John Dillon

Senior Reporter, New England News Collaborative

A veteran Vermont reporter, John joined VPR in 2001. Previously, John was a staff writer for the Sunday Times Argus and the Sunday Rutland Herald, responsible for breaking stories and in-depth features on local issues. He has also served as Communications Director for the Vermont Health Care Authority and Bureau Chief for UPI in Montpelier. John was honored with two regional Edward R. Murrow Awards in 2007 for his reporting on VPR. He was the lead reporter for a VPR series on climate change that in 2008 won a national Edward R. Murrow award for continuing coverage. In 2009, John's coverage of an asbestos mine in northern Vermont was recognized with a regional investigative reporting award from the Radio-Television News Directors Association.


Ways to Connect

Shrewsbury resident Jonathan Gibson testifies at the Vermont Statehouse while others are seated behind him.
John Dillon / VPR

When the power goes out, can you still call 911 in case of an emergency? As people in Shrewsbury discovered recently, the answer is: maybe not. Now a legislative committee and state utility regulators are looking into this and other issues with 911 services.

Eben Markowski stands near a field in Panton.
John Dillon / VPR

The state is investigating an Addison County farm for violating water quality regulations after it spread manure last month that flowed directly into tributaries of Lake Champlain. The case is among several farm pollution cases now under investigation by the state.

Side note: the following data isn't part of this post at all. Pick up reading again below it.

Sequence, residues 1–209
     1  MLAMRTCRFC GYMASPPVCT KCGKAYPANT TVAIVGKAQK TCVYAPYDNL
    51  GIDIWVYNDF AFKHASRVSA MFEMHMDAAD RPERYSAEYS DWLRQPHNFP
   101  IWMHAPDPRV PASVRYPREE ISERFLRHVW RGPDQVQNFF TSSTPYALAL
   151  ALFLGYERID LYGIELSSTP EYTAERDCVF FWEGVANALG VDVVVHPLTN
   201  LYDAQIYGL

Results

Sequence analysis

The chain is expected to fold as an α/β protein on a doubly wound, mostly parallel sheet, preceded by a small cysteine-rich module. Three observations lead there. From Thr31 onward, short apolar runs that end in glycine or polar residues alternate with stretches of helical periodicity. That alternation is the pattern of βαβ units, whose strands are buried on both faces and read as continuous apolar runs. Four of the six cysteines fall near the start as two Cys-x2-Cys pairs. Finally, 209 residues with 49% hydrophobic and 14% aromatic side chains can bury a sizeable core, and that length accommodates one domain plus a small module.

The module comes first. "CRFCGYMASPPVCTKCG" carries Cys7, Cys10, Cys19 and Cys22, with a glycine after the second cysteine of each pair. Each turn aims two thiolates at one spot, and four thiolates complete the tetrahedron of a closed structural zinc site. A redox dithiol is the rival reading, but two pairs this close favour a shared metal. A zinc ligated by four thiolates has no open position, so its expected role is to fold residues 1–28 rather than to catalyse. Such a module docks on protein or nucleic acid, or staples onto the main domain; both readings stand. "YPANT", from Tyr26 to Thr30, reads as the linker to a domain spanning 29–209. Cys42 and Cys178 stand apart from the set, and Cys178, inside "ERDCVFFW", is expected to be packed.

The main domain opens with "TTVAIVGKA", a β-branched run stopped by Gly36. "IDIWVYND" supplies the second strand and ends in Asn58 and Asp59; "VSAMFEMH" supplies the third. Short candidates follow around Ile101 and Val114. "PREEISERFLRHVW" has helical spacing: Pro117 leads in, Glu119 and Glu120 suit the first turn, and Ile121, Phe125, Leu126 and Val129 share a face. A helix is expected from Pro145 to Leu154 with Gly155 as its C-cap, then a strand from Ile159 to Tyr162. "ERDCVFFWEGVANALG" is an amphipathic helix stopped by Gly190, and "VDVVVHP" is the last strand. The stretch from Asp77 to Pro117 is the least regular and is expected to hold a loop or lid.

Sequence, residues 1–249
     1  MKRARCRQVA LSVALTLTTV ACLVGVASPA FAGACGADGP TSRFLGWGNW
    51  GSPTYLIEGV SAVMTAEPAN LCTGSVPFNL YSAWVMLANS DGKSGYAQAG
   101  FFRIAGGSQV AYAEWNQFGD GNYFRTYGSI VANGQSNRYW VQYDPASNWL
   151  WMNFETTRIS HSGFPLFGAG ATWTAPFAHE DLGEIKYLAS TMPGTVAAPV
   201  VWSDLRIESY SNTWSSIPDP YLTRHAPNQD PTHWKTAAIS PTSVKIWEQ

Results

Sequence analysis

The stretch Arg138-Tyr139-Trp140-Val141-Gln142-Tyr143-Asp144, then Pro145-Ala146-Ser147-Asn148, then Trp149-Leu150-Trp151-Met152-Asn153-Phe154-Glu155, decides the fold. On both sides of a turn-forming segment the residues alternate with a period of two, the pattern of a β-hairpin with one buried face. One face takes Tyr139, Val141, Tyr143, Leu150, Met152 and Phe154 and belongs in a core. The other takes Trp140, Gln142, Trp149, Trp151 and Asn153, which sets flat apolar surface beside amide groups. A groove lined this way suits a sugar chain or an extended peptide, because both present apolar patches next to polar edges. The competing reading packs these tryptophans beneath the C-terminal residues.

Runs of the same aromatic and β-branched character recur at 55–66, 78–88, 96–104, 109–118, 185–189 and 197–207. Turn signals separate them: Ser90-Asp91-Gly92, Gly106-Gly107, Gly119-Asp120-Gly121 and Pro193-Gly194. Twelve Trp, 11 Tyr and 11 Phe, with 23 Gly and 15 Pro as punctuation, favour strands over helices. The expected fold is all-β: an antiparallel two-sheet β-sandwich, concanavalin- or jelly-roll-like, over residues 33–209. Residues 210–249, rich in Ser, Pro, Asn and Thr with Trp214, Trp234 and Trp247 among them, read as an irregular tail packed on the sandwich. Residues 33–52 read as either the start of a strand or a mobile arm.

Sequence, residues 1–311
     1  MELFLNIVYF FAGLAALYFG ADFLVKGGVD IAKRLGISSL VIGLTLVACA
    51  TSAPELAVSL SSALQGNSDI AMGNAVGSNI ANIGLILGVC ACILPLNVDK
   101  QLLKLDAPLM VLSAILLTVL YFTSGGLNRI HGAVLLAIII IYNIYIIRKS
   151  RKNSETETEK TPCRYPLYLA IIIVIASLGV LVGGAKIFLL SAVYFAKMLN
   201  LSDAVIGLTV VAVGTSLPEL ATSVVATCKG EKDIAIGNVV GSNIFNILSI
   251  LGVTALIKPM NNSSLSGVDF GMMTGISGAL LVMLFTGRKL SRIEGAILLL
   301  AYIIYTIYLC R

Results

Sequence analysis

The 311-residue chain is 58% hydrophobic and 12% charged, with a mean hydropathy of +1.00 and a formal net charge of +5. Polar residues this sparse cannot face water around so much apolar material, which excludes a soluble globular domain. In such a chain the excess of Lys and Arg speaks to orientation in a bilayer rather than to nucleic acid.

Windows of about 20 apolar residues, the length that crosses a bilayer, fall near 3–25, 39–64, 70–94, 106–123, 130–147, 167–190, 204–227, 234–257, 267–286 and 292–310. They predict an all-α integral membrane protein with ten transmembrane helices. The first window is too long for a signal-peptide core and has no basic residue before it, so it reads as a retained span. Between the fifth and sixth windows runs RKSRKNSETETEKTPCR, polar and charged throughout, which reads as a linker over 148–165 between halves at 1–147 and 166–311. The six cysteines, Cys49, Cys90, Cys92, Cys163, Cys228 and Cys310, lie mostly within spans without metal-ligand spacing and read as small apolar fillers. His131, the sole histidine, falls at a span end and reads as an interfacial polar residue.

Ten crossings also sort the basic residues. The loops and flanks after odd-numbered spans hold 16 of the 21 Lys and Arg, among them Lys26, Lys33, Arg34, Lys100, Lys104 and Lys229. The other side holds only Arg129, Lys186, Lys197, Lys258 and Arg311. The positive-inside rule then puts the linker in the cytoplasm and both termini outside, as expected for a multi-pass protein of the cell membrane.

The exterior of the Green Monutain Power building
Emily Alfin Johnson / VPR File

Green Mountain Power wants a little more freedom from regulation in exchange for assuming a little more risk to its own bottom line over the next three years.

VTel CEO Michel Guite
Steve Zind / VPR File

Vermont Telephone Company CEO Michel Guite is defending his federally funded wireless broadband project, and says it serves hundreds of  thousands of addresses in Vermont. But the state says areas that were supposed to be reached by the VTel signal remain unserved.

Stock image of fiber-optic cables.
kynny / iStock

The Vermont House on Tuesday overwhelmingly backed a bill designed to spread broadband internet throughout rural parts of the state.

Eric Boen, ECFiber broadband engineer, looks at the camera while working on a house in East Thetford, Vermont.
John Dillon / VPR

As lawmakers look for ways to get more Vermonters connected with high-speed broadband, they’re increasingly turning to community-based solutions. ECFiber, a nonprofit in the Upper Valley, has paved the way.

VTel CEO Michel Guite
Steve Zind / VPR File

Tens of millions of taxpayer dollars have gone toward bringing high-speed internet to the small towns and backroads of Vermont. But one project, a wireless system built by Springfield-based Vermont Telephone Company, has not yet delivered what was promised.

U.S. Agriculture Secretary Sonny Perdue, far left, tapped a maple tree during a brief visit to Vermont, along with Gov. Phil Scott, Vermont Agriculture Secretary Anson Tebbetts, and former Gov. Jim Douglas.
John Dillon / VPR

In a brief visit to Vermont Friday, U.S. Agriculture Secretary Sonny Perdue said he did not favor a supply management system that many dairy farmers hope will help support their struggling industry.